Now you may ask: What’s the difference between complex and simple carbs?
- Simple carbs – Simple carbohydrates are sugars. They’re made from small molecules of one or two monosaccharides. You can imagine simple carbs like quick-burning fuel. Your body can break them down extremely fast and they provide you with instant energy. However, any sugar which is not used is converted into fat. You can find simple carbs in foods like dairy products, fruit or certain vegetable.
- Complex carbs – Complex carbohydrates are oligosaccharides and polysaccharides. They’re made from more complex chains of molecules of sugar. Therefore your body takes longer to digest them. However, most of the foods, which contain complex carbs contain also vitamins, minerals, and fiber. They don’t have an immediate impact on blood sugar, which can be beneficial for type 2 diabetes (4). You can find complex carbs in foods like whole grains, beans, starchy vegetables like potatoes.
It’s important to have the right amount of carbohydrates in your diet. Carbs can provide you with many benefits such as:
- More energy
- Better immune system
- Weight control
Let’s look at the last macronutrient – fat.
The Role of Fats
There’re many types of fats. Some are healthy and some can lead to health problems. The fat you get from food is called dietary fat. However, your body can also create its own fat. Usually, it’s created from calories – unused energy.
Fats similarly like carbs provide your body with energy. It’s essential for your body as much as other nutrients. However, there’re also unhealthy fats, which may play a role in cardiovascular diseases (5).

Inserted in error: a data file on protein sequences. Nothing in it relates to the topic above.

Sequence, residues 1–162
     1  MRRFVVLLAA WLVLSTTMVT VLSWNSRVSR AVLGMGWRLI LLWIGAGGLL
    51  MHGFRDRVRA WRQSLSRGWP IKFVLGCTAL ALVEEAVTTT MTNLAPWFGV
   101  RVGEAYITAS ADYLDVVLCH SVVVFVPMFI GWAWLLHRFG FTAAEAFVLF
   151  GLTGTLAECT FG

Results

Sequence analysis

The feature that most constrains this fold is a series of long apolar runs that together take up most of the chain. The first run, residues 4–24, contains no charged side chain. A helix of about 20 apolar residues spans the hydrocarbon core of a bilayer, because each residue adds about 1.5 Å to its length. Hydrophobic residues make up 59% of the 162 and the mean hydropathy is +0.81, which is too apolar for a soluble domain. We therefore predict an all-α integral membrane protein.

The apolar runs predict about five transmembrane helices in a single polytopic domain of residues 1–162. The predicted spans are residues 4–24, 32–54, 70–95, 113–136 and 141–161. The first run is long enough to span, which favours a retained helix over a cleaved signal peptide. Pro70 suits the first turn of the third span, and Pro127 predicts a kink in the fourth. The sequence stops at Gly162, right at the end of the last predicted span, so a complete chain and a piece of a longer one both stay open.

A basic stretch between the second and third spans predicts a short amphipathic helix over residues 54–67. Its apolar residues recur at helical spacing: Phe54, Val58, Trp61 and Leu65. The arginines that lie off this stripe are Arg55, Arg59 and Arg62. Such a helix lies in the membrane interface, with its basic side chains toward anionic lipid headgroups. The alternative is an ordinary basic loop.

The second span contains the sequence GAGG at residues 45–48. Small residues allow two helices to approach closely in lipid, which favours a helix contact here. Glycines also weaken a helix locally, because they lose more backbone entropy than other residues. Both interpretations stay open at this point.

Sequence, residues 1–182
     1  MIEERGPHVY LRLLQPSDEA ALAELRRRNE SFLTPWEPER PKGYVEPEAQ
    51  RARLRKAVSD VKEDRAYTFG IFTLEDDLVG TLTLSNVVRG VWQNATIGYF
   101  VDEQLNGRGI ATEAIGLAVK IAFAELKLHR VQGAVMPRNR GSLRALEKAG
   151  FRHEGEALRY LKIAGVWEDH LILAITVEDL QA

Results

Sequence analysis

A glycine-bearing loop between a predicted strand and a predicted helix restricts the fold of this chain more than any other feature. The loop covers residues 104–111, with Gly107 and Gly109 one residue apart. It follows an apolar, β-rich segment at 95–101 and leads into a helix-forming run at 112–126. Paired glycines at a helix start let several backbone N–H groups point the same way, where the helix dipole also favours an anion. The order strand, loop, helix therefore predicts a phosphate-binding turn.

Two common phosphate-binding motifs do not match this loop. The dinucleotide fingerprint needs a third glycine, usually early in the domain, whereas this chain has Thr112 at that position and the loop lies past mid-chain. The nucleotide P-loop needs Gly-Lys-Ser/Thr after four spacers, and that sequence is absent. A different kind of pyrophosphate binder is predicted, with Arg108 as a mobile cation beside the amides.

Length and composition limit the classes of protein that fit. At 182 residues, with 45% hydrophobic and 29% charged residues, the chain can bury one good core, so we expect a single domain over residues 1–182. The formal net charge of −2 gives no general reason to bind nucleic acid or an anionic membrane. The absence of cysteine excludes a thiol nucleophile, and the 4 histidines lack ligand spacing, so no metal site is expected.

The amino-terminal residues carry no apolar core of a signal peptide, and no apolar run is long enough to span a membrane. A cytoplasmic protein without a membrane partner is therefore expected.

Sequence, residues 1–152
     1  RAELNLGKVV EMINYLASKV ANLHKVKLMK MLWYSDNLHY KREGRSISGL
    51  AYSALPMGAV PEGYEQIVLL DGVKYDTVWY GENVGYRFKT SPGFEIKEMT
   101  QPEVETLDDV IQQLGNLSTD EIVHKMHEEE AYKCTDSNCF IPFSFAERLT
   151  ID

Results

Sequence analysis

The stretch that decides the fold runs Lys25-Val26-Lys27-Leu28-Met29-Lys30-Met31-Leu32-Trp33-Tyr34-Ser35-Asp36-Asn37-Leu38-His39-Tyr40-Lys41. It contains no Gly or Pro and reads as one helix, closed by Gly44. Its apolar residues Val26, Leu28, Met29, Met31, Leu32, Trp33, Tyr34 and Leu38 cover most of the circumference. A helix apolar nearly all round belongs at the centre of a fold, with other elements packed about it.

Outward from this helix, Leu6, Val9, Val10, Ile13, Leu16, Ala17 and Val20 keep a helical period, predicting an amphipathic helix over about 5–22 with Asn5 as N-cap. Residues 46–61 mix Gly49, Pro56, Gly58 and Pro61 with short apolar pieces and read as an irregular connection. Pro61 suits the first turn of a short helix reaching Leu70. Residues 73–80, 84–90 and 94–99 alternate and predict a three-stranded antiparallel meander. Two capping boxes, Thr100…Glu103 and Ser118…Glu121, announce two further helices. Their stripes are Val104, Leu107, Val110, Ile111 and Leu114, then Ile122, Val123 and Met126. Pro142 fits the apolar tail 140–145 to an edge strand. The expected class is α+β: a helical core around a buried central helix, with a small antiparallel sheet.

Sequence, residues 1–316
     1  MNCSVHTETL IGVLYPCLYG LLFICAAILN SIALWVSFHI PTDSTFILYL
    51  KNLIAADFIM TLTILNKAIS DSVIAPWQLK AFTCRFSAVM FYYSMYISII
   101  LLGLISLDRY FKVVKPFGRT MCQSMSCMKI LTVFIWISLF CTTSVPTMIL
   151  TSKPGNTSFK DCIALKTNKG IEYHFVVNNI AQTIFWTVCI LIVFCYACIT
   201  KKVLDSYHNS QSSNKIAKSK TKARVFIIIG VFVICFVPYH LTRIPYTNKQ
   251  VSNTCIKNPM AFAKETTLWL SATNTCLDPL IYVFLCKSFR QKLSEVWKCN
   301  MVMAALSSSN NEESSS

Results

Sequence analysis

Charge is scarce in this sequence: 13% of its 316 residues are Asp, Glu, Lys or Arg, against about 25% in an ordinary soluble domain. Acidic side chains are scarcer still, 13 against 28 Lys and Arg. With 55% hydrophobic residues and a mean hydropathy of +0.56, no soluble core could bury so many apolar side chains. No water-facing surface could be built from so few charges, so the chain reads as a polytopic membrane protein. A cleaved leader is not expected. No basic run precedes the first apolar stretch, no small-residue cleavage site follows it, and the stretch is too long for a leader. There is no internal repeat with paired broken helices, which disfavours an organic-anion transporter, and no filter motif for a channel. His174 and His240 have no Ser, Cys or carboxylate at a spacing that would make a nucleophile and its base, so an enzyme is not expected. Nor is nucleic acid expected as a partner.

Fat is also high in calories, which may lead to obesity. Excessive fat is bad for your body. Try to balance it out and choose healthy fats instead of unhealthy ones.
There’re many types of fat, these include:
Unhealthy fats are harmful to your body. They can lead to complications and you should limit their intake. There’re two categories of unhealthy fats:
- Saturated fat – This type of fat can be found in meat, ham, sausage, products from animals and dairy products that can solidify on refrigeration. It increases both your “bad cholesterol” (LDL) and “good cholesterol” (HDL) levels. This may lead to cardiovascular complications (6).
- Trans fat – Trans fats are mostly created from oils through the food processing method in food processing factories. This method is called hydrogenation and creates partially hydrogenated fats. These fats may lead to an increase in LDL (bad cholesterol0 and a decrease in HDL (good cholesterol) (7). This can increase the risk of getting cardiovascular diseases such as heart attacks & strokes.
There’re also fats which can be beneficial, these are healthy fats. They are:
- Monosaturated fatty acids – This type of fat can be found in oils such as olive oil. This type of fat can reduce your cholesterol, which decreases the chances of having cardiovascular problems or type 2 diabetes (8).
- Polyunsaturated fatty acids – This type of fat can be found in oils as well as in plant-based foods. It has similar effects like monosaturated fatty acids. It decreases your blood cholesterol which leads to a lower risk of getting type 2 diabetes and cardiovascular disease (9).